The AsyncRendering property on the ASP.Net ReportViewer control is one of the most misunderstood properties on the ReportViewer. And that’s our fault. There are a lot of side effects to setting this property that you wouldn’t expect from the name. In fact, most of the time that I see users setting this property they are doing it for the side effects rather than for its true intention. Those side effects are gone in Visual Studio 2010 because you can get the effects you want in either mode. But to understand how things have changed, let’s first go through some background information.
The intention of AsyncRendering
Traditionally, the HTML of a web page is not sent to the browser until all of the web controls on the page have generated their content. For controls such as text boxes and buttons, this makes perfect sense. But the ReportViewer is much more complicated than that. It can take the viewer a long time to generate the HTML for a report. In most cases, it makes more sense to send the rest of the page back to the browser and then make another request to get the report content asynchronously. This allows the user to interact with the rest of the page as well as see a "loading indicator" so that they know the server is doing something. This is the default behavior - AsyncRendering = true.
But there are also cases where you want the block the entire page until the report is processed. A good example is a dashboard type of page that is rendering several small reports, perhaps each one containing a single chart or small table. In this case, you may not want the user to be bombarded with multiple wait indicators. If you know the reports are quick to process, blocking the page for a short time may be a better overall experience. This is the intention of AsyncRendering = false.
Asynchronous mode in Visual Studio 2005 and 2008
The mode you choose has a significant effect on the HTML that is ultimately generated. The ReportViewer control was originally designed long before the appearance of ASP.Net AJAX. When you render a report synchronously, the HTML for the report content is embedded directly in the entire page. But when you render asynchronously, the ReportViewer uses a frame. The frame content is retrieved by the browser separately from the main page, so it allows the main page to be visible while the report is generated in a separate request to the web server.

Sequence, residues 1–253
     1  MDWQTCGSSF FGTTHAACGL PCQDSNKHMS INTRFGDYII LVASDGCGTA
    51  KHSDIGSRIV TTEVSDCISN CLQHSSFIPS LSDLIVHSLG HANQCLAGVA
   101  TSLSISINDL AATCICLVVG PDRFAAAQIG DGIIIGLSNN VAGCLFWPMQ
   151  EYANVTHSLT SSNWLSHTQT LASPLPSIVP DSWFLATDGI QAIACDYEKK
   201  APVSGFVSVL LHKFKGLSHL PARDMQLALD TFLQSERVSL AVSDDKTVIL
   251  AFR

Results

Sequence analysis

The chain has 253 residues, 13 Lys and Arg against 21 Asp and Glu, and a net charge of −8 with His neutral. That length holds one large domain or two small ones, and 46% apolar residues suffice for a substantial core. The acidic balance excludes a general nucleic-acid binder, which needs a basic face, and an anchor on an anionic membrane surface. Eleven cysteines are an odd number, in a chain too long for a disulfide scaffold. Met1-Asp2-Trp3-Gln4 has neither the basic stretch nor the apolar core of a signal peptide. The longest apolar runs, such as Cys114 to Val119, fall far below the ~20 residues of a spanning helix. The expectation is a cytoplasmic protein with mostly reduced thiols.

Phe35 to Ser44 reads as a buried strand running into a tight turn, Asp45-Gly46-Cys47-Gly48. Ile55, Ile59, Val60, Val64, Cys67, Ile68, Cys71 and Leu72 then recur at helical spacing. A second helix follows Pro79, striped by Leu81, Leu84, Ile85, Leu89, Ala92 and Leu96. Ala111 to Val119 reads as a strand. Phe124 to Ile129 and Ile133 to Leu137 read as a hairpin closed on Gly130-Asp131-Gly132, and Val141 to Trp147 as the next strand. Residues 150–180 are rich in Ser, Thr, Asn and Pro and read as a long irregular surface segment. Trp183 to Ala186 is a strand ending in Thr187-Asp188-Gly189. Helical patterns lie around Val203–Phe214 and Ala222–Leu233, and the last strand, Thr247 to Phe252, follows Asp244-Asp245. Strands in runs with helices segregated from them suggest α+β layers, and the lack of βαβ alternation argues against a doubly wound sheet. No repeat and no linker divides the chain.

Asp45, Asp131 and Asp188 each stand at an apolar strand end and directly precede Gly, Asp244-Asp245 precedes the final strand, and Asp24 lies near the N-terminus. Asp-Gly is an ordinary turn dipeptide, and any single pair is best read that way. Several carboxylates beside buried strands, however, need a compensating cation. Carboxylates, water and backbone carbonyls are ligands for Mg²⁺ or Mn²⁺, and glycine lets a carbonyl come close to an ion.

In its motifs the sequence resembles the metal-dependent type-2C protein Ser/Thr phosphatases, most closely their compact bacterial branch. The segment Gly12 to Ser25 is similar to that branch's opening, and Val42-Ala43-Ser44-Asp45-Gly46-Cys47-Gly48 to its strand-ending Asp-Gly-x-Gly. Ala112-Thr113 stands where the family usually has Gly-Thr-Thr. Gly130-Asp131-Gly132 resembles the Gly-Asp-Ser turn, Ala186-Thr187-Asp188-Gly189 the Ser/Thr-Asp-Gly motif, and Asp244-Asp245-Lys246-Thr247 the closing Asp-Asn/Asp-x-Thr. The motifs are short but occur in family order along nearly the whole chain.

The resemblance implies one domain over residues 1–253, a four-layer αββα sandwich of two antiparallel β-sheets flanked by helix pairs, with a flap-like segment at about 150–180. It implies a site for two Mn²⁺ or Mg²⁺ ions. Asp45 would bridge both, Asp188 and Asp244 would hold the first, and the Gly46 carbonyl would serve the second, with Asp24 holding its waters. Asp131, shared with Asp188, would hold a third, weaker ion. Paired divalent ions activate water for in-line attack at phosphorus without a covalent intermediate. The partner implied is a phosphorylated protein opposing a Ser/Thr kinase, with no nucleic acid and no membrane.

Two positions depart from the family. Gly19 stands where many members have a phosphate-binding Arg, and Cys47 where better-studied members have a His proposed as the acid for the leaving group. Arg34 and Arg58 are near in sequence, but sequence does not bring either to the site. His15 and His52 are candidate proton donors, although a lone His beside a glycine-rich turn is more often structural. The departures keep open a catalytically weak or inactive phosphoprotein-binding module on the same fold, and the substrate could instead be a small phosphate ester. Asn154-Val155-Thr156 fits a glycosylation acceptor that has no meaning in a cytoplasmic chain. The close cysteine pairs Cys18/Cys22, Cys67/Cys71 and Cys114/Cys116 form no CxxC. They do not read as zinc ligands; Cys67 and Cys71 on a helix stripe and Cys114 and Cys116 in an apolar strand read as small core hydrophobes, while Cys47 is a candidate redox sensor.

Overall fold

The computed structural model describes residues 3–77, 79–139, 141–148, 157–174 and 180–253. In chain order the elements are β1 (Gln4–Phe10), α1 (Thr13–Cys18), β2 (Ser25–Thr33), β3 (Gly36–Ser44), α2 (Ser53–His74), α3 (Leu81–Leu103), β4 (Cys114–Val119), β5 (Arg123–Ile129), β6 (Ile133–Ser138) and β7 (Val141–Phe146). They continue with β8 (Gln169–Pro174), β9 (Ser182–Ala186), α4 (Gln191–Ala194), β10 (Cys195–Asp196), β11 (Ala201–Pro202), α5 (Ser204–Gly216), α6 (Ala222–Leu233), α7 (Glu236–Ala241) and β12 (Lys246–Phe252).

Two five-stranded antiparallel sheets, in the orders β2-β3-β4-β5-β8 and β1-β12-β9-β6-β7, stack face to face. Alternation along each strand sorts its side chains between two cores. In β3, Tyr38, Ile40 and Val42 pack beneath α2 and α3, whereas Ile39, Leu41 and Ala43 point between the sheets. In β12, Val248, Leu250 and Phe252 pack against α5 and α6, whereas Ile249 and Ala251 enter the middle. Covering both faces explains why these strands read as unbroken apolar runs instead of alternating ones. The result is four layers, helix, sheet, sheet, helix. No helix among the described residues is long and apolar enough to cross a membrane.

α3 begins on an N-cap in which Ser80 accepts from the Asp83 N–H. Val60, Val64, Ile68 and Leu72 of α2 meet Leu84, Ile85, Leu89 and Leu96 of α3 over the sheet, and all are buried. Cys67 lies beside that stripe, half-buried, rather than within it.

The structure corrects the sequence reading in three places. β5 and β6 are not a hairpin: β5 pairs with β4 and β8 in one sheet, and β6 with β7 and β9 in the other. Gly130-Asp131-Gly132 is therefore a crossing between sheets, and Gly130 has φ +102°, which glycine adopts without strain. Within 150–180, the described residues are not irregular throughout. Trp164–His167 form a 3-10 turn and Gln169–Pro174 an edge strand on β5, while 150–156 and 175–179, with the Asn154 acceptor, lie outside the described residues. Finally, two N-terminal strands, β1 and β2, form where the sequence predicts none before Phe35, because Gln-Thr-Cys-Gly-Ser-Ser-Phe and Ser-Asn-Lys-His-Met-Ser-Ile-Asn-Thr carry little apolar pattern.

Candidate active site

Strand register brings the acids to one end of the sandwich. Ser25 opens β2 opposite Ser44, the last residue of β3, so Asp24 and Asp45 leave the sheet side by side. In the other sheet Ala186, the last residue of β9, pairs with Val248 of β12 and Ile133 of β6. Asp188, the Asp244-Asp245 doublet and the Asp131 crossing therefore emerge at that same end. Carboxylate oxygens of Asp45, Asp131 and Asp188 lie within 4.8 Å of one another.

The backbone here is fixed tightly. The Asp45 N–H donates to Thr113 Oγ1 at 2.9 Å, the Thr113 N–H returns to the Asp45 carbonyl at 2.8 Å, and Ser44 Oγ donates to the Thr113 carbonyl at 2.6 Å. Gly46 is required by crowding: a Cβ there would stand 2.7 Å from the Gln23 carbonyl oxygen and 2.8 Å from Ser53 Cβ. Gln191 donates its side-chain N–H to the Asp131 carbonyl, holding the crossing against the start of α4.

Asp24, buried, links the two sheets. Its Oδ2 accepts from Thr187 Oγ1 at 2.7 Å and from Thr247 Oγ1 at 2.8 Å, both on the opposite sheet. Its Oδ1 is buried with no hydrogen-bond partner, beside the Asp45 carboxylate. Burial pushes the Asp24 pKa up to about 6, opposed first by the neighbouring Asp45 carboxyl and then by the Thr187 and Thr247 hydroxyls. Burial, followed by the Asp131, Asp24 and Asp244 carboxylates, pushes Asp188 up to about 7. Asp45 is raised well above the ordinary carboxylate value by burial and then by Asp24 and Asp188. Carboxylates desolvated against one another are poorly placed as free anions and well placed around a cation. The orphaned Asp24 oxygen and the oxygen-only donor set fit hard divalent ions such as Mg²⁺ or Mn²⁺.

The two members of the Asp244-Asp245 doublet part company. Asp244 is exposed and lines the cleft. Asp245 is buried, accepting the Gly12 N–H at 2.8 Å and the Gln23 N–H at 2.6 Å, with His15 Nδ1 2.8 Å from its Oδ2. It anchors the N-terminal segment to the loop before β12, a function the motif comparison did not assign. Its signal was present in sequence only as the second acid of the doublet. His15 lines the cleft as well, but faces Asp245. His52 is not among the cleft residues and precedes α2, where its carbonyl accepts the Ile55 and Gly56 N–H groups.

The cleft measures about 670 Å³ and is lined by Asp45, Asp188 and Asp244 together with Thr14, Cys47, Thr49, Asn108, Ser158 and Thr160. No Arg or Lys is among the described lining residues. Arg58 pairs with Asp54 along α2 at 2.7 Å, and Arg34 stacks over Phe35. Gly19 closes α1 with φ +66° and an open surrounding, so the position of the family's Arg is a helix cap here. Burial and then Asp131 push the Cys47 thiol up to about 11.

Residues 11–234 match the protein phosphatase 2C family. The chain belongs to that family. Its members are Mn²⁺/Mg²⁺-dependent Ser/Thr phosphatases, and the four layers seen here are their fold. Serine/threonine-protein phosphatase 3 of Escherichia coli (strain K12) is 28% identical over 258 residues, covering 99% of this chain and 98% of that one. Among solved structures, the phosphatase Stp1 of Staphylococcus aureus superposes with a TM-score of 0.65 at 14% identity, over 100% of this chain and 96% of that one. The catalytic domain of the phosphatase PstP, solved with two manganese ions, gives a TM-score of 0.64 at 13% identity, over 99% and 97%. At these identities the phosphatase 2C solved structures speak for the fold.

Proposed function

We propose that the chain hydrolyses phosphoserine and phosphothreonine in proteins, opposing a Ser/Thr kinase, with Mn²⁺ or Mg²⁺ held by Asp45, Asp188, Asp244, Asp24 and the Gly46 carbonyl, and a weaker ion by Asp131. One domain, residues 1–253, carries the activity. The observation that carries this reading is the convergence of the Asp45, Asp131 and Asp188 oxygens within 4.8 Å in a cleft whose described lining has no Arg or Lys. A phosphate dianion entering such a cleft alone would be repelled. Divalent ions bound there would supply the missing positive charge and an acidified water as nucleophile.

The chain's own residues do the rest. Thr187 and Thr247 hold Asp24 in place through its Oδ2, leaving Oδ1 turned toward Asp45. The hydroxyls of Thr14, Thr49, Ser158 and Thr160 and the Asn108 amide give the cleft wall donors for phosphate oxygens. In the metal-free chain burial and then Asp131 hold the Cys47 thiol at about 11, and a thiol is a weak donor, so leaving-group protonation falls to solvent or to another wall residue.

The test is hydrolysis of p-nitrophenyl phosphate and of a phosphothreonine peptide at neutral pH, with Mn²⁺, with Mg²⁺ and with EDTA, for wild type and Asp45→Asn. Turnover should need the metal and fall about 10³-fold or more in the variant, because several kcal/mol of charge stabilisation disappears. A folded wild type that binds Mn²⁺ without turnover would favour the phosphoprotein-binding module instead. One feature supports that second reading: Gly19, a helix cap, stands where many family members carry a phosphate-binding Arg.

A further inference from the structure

Frames are at the root of all of the side effects to AsyncRendering. The use of frames results in the following differences between the two modes:
These side effects tend to rank higher in terms of requirements when building an application than whether the report shows up synchronously. So it’s no surprise that these issues became the driving factor in which mode developers choose.
The Story in Visual Studio 2010
One of the biggest features of the ASP.Net ReportViewer in VS 2010 is the fact that it relies heavily on ASP.Net AJAX. By default, the viewer will use asynchronous postbacks for all of its operations. This means that we no longer need to rely on frames to retrieve report data asynchronously from the rest of the ASP.Net page. With VS 2010, once a report has finished loading, the HTML displayed in the browser will be the same, regardless of whether you use synchronous or asynchronous rendering.
All of the previous side effects of AsyncRendering are now gone. Both modes support the document map. Both modes support the SizeToReportContent property. Asynchronous postbacks are generally treated the same as traditional postbacks, so you can handle events that occur during report processing. And because of the extensive work we’ve put into this release for standards mode HTML and Firefox and Safari rendering, you should never see double (or triple!) scrollbars in the viewer.
With VS 2010, AsyncRendering has returned to its true intention – it controls whether the initial processing of the report blocks the entire ASP.Net page, and nothing else.